Updated: Sunday, October 25, 2015, 3:01 AM
On Wednesday nights at the Whip Tavern in West Marlborough, you can expect to find some regulars at the bar, mesmerized by a simulcast of the latest local steeplechase on the TV. One, apparently fresh off her horse, was still in her dusty riding breeches.
There were creamy drafts of Old Speckled Hen and local dry cider in the pint glasses. There were cheesy pools of molten Welsh rarebit for dipping. A riding crop has even been cast in bronze for the front door handle, just in case one didn't catch the equestrian theme.
For the last decade, the Whip has been the cozy pub heart of Chester County horse country. Nestled among the rolling green pastures and twisty lanes, the whitewashed building that was once a blacksmith shop and former cowboy bar is now fitted out with a fireplace hearth and woody English accents. A gracious stone back patio beside the gurgling Doe Run is an al fresco favorite for local gentry nibbling deep-fried Scotch eggs and comforting crocks of shepherd's pie.
This is the last place I might have expected to find Anne Coll.
To date, the talented Media native has been better known as an Asian-fusion master, cooking for several years with Susanna Foo and also at Meritage, where her foie gras-stuffed dumplings, tea-smoked pork, and kobe-stuffed Viet-style grape leaves won admiration even as the wider trend began to fade.
But Coll, who lives and raises chickens in Chester County, is closer to home now, both geographically and in spirit, able to tap her family's Lancaster County roots and a desire to cook closer to the land and seasons.
Inspiration doesn't get much closer than the nearby Farm at Doe Run, whose gorgeous cheeses - creamy white Hummingbird, tangy Bathed in Victory washed in Storm King beer, Alpine-style St. Malachi - are among my local favorites and always featured on a starter platter.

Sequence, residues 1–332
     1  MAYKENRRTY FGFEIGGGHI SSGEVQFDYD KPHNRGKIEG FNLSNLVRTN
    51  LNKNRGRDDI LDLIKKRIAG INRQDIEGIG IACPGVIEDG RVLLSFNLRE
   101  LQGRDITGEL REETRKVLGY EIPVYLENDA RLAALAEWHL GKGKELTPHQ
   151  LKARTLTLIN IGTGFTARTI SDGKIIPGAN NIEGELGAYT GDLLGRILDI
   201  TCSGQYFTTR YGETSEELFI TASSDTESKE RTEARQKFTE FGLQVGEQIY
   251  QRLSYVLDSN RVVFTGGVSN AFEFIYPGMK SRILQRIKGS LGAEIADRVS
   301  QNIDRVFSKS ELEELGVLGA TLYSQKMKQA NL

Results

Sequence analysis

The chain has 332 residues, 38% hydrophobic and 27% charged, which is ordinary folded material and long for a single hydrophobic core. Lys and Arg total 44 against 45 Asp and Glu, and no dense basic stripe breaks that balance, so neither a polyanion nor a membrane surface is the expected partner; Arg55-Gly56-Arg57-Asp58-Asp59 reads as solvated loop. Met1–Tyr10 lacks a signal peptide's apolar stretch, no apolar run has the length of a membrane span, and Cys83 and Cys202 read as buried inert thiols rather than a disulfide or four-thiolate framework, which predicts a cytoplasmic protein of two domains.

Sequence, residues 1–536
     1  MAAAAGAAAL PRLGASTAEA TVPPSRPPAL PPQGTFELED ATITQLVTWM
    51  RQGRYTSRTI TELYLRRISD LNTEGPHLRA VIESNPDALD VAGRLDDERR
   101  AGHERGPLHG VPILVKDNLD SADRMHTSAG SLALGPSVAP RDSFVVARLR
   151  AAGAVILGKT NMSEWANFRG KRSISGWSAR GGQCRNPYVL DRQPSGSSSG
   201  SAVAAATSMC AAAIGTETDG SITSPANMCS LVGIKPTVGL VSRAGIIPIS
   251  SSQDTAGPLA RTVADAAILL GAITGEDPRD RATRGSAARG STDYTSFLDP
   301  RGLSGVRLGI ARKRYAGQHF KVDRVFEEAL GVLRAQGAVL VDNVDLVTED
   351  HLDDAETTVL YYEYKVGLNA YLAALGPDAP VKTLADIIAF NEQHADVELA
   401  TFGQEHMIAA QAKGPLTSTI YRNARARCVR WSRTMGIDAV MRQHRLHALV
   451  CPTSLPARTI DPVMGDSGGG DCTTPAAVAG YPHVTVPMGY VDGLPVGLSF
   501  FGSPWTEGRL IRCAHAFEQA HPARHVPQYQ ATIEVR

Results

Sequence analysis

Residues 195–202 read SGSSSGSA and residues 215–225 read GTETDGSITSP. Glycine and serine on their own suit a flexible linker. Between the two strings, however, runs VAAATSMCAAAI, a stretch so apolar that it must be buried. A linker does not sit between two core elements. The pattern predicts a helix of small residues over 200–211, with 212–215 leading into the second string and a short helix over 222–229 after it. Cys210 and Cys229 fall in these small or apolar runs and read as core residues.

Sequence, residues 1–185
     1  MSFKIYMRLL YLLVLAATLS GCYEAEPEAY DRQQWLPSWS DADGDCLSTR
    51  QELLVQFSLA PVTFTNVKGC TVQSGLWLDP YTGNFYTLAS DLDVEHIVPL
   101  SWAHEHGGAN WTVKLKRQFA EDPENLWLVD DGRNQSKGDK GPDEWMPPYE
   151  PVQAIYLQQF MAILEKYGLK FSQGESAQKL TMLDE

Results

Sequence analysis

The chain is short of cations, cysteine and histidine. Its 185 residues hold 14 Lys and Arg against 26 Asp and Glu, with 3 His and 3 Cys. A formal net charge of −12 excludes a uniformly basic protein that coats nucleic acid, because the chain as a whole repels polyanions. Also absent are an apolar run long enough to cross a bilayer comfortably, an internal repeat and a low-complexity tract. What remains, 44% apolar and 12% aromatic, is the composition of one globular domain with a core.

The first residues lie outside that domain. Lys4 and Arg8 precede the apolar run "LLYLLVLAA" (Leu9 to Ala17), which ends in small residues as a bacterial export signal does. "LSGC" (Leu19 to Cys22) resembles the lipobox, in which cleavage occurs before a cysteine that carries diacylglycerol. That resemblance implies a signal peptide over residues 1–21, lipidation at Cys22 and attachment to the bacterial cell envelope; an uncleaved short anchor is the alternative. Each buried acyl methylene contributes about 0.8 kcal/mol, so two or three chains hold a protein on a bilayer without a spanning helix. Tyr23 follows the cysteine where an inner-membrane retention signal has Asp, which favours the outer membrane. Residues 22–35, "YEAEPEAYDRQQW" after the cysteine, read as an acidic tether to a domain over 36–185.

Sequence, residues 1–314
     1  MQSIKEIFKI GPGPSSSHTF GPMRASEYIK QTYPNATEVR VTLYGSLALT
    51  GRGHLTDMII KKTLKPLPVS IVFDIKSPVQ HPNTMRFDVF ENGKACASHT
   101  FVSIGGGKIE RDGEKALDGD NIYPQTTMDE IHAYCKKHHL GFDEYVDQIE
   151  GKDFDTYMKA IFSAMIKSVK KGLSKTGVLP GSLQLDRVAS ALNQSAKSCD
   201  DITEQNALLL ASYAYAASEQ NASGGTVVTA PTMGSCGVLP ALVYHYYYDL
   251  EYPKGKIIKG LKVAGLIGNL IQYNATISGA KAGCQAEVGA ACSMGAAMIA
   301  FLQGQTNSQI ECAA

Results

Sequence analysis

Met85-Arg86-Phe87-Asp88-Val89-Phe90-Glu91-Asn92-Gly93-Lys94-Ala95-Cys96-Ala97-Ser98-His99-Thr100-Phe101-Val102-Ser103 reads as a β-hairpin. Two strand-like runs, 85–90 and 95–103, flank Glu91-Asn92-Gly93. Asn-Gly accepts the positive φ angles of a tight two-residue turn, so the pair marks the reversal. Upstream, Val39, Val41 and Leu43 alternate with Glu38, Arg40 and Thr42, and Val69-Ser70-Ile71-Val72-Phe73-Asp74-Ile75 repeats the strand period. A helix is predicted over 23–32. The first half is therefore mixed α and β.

There are more obvious ways, though, where Coll is making her mark. Those signature foie gras dumplings are now called "ravioli" and were served, on my first late-August visit, with basiled corn and zucchini. By fall, they were coming with roasted butternut squash and apple butter. Likewise for the succulent seared scallops, which posed over creamed white corn and chanterelles in summer, but which have since settled into a fall mood of creamed leeks and truffled fingerling potatoes. A mound of boneless rabbit meat, cooked down with cider-plumped golden raisins over earthy polenta, is a taste of true farm comfort.
If you're able to detect a hint of star anise and cinnamon in those tender shreds of rabbit, that's because Coll hasn't abandoned her Asian training entirely. A touch of pho spice and the subtle sweetness of Chinese red cooking are just part of the secret to Coll's amazingly tender short ribs, which have my vote for the best in the region. Mine came with roasted fingerlings and summer wax beans, now replaced with royal trumpets and candied carrots.
But the Whip is more than just a chef showcase. This tavern, owned by K.C. Kulp, who says he "married into this thing" because his wife is a rider, has become a treasured local haunt with a casual atmosphere and a reliable roster of English standards that are more candidates for light updates rather than wholesale removal. (The seafood luxury pie, shelved by interim chef Terence Feury last year, should be making a comeback soon.)
In several cases, Coll has done just that. Her shepherd's pie looks similar to the last one I ate there shortly after longtime chef Wyatt Lash left in early 2014 but is more polished in preparation, the ground meat stuffing moist beneath those piped potatoes with a deeper lamb flavor, but not greasy at all. Her take on the pub's once daily changing "curry" is also considerably more refined. It has also settled for a while on a Thai seafood theme, a tumble of mussels and delicately cooked squid and shrimp bathed in a fresh coconut milk curry, whose creamy broth is tinted vivid yellow with turmeric and vibrates with ginger, chili, fish sauce and kaffir lime.
Some other standbys, though, still need work - such as the Scotch egg, whose deep-fried pork sausage ball was still raw near the hard-boiled egg at its core. Or the fish and chips, whose crust was a pretty turmeric yellow, but which were over-fried as stiff as a fillet-shaped plank. Or the "beef on weck," a roast beef sandwich ode to the Western New York classic that was so indelicately reheated and dry by the time it arrived at our table, it was more wreck than weck.